In the last couple of months the EU and the UK have both issued their official positions on the situation as regards Brexit and personal data protection, which can be found here and here. This brief article summarises the respective positions.
What does the EU position paper say?
The EU’s paper is somewhat narrow and also quite generalised as can be gleaned from its title of “Use of Data and Protection of Information Obtained or Processed before the Withdrawal Date.”
The EU’s starting-point is that the UK/UK entities can keep and continue to use personal data processed/received in the UK before the UK leaves the EU “only if” the conditions (referred to as “principles”) set out in the position paper are fulfilled, failing which this data “should be erased or destroyed”; the paper also states at the start that the principles should also apply to personal data processed/received after the UK has left the EU (pursuant to what will be the Withdrawal Agreement between the EU and the UK).
The principles set out in the position paper are mainly referred to in general terms and concern both data subjects in the (other) 27 EU Member States and also data subjects outside the EU (to the applicable extent). Examples of the rights data subjects should have include subject access rights, the right to be forgotten, the right to object to processing, and the right to portability (all of which are set out EU General Data Protection Regulation – GDPR). Further, data retention should not be stored any longer than is necessary.
The EU is also keen that the principles apply to data shared (and governed by EU security rules) between EU/EU Member State bodies and UK bodies known as “EU Classified Information” (EUCI); the EU also wants the UK to ensure that contractors and sub-contractors carrying out projects handling EUCI protect EUCI accordingly. Finally, the EU wants the principles to apply to data shared between EU/EU Member State bodies and UK bodies in the context of: competition/anti-trust: pre-clinical, clinical and toxicological studies; and, customs.
What does the UK position paper say?
The UK is in the process of aligning UK law with the GDPR which we have written and video information about here.
Once the UK’s legislation is in place the UK’s data protection rules will be aligned with the EU data protection framework. For the UK this means that it will be starting “from an unprecedented point of alignment with the EU” in recognition of which “the UK wants to explore a UK-EU model for exchanging and protecting personal data, which could build on the existing adequacy model” the benefits of which would include “enabling the […] (ICO) and partner EU regulators to maintain effective regulatory cooperation and dialogue” after the UK has left the EU. Continued cooperation with the EU as regards personal data sharing and protection in the context of fighting terrorism and serious crime (including money-laundering) is also a key objective of the UK.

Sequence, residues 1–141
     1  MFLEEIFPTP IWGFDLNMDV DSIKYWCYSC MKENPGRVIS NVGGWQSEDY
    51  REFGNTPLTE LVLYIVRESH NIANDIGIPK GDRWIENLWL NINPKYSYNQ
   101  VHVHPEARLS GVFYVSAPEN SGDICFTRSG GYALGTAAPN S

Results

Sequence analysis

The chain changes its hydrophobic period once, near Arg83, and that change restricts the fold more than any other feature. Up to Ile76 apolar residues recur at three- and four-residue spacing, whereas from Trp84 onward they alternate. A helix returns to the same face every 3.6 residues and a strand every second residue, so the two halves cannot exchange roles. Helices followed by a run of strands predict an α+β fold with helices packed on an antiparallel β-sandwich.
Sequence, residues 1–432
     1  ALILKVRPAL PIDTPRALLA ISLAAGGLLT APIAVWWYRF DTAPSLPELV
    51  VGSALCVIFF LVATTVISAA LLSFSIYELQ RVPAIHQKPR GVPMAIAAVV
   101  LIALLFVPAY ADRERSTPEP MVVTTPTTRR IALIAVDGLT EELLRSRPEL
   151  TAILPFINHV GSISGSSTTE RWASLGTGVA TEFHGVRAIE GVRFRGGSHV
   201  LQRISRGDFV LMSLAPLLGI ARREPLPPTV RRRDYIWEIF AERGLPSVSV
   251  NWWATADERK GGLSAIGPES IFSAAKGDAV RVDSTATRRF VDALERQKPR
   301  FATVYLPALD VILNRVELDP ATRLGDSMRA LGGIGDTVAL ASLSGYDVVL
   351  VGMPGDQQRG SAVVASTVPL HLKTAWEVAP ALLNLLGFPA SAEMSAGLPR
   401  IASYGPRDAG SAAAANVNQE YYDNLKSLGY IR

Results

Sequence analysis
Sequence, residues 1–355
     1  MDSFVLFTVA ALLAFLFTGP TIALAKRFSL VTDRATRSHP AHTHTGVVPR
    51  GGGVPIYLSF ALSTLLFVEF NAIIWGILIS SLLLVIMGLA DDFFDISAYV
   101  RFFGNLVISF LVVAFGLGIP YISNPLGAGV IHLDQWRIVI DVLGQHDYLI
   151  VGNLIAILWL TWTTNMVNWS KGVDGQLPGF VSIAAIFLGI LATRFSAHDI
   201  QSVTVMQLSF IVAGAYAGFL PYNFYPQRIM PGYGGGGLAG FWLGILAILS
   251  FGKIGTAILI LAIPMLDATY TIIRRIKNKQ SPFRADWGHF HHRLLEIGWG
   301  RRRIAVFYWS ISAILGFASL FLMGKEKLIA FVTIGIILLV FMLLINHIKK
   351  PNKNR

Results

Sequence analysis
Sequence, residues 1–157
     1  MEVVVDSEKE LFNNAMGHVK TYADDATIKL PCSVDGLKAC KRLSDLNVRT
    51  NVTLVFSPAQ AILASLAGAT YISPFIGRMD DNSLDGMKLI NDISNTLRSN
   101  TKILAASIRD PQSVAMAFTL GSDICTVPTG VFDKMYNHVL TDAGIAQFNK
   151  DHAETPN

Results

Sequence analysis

A key thrust of the UK’s “future partnership” position paper is to stake its claim to seeking an official “adequacy decision” from the EU, which doesn’t come as a surprise. Interestingly the UK position paper points out (in its view) various downsides to alternatives to an adequacy decision such as Model Clauses and Binding Corporate Rules especially in terms of resources. This process may nevertheless take some time and won’t necessarily be plain sailing, especially as regards consideration by the EU of the UK’s sweeping surveillance legislation (the Investigatory Powers Act 2016).
To fill any gap once the UK leaves the EU, the UK is also proposing that the UK and the EU agree “to mutually recognise each other’s data protection frameworks” so that data flows can continue until “new and more permanent arrangements” are in place.
Although it doesn’t say it so directly, reading between the lines (“[t]he UK would be open to exploring a model which allows the ICO to be fully involved in future EU regulatory dialogue”), presumably the UK wishes to be able to participate in some measure in the European Data Protection Board (which will replace the WP29 under GDPR) – if so, and if the rest of the EU is interested in this, this would take time to negotiate and agree.
The focus of the EU’s paper is on the situation up to the UK leaving the EU, albeit with a nod to the future, whilst the focus of UK’s paper is the situation in the future. The EU’s paper was published after the UK’s paper so its emphasis appears to reflect the EU’s general Brexit stance of mainly focusing on the situation up to the UK’s withdrawal from the EU. Businesses would do well to continue to follow these developments, especially in order for them to gain a better sense of certainty as regards data protection after Brexit.
We have also developed the GDPR NavigatorTM subscription service to help business get ready to deal with GDPR compliance requirements, which you can find more about here. Navigator includes the following resources:
- A Guidance Note on accountability and audit;
- A Guidance Note on appointing processors;
- A Guidance Note on determining who is the data controller and data processor;
- A comprehensive Glossary of data protection terms;
- A Guidance Note on fine determination;
- A 35-minute film on key aspects of GDPR;
- A 10-minute film on the information security aspects of GDPR; and,
- A 25-minute film on Data Protection Impact Assessments.
For more information please contact Jonathan Armstrong or André Bywater who are lawyers with Cordery in London where their focus is on compliance issues.
|Jonathan Armstrong, Cordery, Lexis House, 30 Farringdon Street, London, EC4A 4HH||André Bywater, Cordery, Lexis House, 30 Farringdon Street, London, EC4A 4HH|
|Office: +44 (0)207 075 1784||Office: +44 (0)207 075 1785|